By Carol Huang ,AFP
BEIJING — Activists, lawyers, journalists, bloggers, professors — China’s new leaders have taken aim at civil society in what analysts call an effort to muffle dissent that is proving powerfully effective. The ruling Communist Party has long maintained tight control, nipping in the bud any public outcries or organized efforts that might snowball into “social unrest” that challenges its hegemony. But experts see a renewed drive under Xi Jinping, who took over as party chief in late 2012 and as state president in early 2013, and has since consolidated power and advanced an ambitious agenda including restructuring the economy. In the latest example, seven activists were charged in Henan province last week with the vague offence of “picking quarrels and provoking trouble” after they held a ceremony marking the 25th anniversary of the Tiananmen Square crackdown on pro-democracy protesters, rights groups said. “It’s a general intolerance for dissent, a general intolerance for civil society’s development. The whole approach is to concentrate power to promote economic reforms, to emphasize stability,” said Joseph Cheng, a China politics expert at City University of Hong Kong. One tactic was “to generate deterrence through heavy penalties,” he said. “I have to admit these messages tend to be effective.” About a dozen rights activists and lawyers have been jailed on convictions ranging from the less serious — such as disrupting public order — to the grave “inciting subversion of state power,” for which 2010 Nobel Peace laureate Liu Xiaobo was sentenced to 11 years in prison.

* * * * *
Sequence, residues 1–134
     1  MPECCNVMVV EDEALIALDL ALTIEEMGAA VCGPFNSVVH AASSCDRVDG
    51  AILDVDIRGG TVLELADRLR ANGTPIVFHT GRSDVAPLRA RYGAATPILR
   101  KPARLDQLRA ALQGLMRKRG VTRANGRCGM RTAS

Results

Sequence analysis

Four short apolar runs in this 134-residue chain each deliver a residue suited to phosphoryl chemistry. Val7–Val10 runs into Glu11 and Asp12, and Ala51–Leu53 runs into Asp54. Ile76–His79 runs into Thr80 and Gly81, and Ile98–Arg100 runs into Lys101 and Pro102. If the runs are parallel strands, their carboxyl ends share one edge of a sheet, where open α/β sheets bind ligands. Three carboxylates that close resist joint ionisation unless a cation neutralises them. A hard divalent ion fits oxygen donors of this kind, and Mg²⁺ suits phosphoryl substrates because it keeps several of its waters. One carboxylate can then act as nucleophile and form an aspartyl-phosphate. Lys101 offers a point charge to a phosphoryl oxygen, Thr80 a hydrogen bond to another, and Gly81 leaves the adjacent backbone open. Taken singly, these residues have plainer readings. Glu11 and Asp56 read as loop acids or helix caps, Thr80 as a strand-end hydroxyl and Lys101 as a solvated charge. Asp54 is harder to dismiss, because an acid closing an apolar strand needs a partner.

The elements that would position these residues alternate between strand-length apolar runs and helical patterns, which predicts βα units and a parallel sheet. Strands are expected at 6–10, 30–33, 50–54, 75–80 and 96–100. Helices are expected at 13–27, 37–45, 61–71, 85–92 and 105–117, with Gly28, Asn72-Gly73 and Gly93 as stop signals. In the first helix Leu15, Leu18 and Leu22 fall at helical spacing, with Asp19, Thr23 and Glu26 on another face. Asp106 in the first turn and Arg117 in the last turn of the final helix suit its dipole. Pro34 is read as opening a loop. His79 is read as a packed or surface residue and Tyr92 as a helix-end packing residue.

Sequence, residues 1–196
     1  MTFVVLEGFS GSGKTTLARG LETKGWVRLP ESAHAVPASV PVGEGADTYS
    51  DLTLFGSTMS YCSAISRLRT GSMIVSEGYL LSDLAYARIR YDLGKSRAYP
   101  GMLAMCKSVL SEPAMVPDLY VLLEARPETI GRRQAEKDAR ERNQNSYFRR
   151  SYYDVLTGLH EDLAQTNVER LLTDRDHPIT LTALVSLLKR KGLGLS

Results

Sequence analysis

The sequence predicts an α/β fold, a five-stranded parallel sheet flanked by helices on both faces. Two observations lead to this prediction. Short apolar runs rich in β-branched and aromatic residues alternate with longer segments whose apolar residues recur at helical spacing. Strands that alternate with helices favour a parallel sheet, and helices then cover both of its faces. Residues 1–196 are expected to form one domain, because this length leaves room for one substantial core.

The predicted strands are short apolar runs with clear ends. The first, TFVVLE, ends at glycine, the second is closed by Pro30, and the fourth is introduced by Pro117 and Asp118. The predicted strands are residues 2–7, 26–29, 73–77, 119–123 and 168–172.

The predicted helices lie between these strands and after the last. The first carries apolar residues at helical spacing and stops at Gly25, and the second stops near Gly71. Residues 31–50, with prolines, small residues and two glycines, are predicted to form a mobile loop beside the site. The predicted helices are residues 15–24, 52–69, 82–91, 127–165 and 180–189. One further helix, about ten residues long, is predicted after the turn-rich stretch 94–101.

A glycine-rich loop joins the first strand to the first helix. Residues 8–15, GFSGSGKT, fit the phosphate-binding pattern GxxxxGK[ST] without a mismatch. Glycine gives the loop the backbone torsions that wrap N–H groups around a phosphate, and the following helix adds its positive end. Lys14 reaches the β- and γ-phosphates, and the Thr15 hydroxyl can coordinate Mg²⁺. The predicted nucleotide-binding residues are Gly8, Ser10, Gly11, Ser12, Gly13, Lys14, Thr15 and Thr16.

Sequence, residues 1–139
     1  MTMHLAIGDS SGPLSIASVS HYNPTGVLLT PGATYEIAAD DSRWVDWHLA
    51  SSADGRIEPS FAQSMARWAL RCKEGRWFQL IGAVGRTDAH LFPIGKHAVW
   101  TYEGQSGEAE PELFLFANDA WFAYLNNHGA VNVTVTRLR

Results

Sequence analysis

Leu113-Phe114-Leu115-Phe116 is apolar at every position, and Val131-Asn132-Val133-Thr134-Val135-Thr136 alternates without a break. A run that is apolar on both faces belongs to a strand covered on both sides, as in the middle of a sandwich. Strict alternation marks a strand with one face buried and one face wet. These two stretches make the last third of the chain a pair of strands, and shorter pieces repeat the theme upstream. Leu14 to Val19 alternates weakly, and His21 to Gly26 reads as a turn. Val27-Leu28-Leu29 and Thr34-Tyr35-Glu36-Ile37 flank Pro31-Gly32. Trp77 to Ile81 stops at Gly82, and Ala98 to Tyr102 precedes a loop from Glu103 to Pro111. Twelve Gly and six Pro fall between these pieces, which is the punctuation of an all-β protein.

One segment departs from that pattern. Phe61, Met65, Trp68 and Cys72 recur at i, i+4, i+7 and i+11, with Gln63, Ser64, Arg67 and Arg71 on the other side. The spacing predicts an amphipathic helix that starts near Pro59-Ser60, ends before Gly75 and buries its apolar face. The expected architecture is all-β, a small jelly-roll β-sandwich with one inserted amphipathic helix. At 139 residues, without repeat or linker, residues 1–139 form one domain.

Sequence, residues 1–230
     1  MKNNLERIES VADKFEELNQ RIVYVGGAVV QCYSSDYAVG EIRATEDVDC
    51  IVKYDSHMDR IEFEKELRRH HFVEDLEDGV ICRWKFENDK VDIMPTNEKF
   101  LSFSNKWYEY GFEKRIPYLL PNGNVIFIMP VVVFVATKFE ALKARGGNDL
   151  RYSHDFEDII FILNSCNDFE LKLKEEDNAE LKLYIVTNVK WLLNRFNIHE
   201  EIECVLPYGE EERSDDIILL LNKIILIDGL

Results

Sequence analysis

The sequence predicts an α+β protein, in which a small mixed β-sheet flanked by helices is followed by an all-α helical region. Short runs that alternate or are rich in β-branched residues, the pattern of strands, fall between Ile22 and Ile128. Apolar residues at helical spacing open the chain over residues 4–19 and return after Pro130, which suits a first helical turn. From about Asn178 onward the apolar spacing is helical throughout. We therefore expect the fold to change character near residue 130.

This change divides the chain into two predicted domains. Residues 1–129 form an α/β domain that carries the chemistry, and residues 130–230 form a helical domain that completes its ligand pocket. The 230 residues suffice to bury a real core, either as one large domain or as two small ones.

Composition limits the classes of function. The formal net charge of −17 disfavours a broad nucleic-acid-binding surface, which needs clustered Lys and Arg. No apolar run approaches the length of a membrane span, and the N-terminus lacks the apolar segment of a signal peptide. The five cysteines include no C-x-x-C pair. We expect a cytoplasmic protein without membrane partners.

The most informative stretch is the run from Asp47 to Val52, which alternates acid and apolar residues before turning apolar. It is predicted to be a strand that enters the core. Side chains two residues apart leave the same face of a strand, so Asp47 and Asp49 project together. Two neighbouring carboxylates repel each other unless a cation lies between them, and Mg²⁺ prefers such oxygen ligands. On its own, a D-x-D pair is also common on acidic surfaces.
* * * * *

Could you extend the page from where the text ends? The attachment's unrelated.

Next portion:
Many more wait in detention. Chinese journalists, already barred from publishing stories on sensitive topics, were last month “prohibited from engaging in critical reporting unless they have received the approval of the work unit” by the state media body. Social networks have become popular alternative information sources to state-controlled news outlets. But users felt the chilling effects last September after the Supreme Court warned of three years’ prison for anyone spreading “slanderous” information that was forwarded more than 500 times or viewed on more than 5,000 occasions. Reinforcing that threat, around that time influential Chinese bloggers were paraded on state television pledging to avoid posts that might have a “negative” social influence. Academics in May last year reportedly received a notice to avoid teaching seven taboo subjects — including universal values, press freedom, civil society and judicial independence.